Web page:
The fact that the enomatic, a $10,000 machine that spits out wine pours, has landed in New York is not news (unlike in Fairfax, VA): Union Square Wines installed six of the machines when they moved to their new location (map it) last summer. What’s news is that it is the only store in New York to do so. Why?
You can largely thank New York’s confusing laws on wine retailing, which prevent charging for wine samples among other things. In states with more permissive laws on tasting, enomatic machines can be spotted in wine shops that charge for samples. But in New York, charging anything for drinking on premises requires a different license. Thus it’s hard to make for a retailer to make economically viable the expensive piece of burnished stainless steel that is the enomatic. (But it does mean a lot of free wine for consumers around town.)
But Union Square Wines took the plunge and I decided to put them to the test. I strode in last weekend and asked for a card. Not so easy, it turns out. You have to be an existing customer–it’s structured as a “reward” system. Well, I’ve bought wine at the store before, I replied. “But do you have the card?” Ah, no. A purchase is required and each dollar spent accumulates 5 points, which can be deducted from the card at the enomatics.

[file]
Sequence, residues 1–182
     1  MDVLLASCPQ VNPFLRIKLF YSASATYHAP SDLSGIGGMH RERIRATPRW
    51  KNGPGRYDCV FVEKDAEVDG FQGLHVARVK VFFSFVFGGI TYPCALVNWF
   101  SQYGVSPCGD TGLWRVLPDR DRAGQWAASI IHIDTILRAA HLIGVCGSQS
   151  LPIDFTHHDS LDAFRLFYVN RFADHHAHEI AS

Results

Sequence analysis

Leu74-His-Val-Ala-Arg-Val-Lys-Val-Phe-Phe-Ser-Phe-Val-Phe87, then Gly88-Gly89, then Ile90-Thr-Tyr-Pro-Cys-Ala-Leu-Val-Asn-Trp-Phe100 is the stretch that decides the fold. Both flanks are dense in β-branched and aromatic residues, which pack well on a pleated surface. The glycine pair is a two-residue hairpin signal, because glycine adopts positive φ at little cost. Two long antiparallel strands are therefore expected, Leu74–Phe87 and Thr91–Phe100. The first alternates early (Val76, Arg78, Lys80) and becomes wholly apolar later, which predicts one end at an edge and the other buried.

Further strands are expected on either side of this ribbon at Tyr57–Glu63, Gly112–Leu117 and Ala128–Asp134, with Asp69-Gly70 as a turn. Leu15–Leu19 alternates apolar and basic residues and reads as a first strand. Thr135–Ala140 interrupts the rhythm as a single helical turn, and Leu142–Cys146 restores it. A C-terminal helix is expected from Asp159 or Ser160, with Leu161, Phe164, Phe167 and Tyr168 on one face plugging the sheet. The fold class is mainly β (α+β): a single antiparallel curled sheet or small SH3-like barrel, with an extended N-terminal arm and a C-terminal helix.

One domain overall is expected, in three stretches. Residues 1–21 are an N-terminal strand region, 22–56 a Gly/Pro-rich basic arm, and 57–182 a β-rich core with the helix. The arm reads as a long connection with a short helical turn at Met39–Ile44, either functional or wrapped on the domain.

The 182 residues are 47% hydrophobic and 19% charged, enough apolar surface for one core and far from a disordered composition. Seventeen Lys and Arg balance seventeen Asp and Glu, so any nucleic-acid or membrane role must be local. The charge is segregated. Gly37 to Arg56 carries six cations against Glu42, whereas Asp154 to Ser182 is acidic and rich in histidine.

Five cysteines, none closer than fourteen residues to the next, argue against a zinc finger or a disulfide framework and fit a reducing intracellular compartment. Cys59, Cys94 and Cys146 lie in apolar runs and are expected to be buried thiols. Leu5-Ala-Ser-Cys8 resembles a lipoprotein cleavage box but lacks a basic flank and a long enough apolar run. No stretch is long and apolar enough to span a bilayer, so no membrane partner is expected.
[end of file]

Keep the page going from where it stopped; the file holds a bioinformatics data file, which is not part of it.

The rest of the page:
So seeing that 40 points could get me a couple of tastes, I splurged on an $8 wine. Then I had to take my receipt to another desk across the store (no plans for streamlining this at one register) where a staffer mercifully took pity on me and gave me 200 points instead of the 40 I was due.
Then I hit the machines. The pours were SMALL. But they were FRESH. It only took me a shot of riesling, gewurztraminer, some rustic French red, and a bonarda from Argentina to realize that the number of points deducted was the equivalent to the price in dollars of the whole bottle. Too bad I didn’t have enough for the 225 point Barolo in the front room. Net-net the enomatic is a way to get fresh, free wine served on demand. Just, for the sake of the NY regulators, don’t think of it as a bar!
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On a related note, the WSJ had a story yesterday about the potential demise of the bar car on Metro-North trains. Installing enomatics on the trains could be an excellent use of the machine that substitutes capital for labor.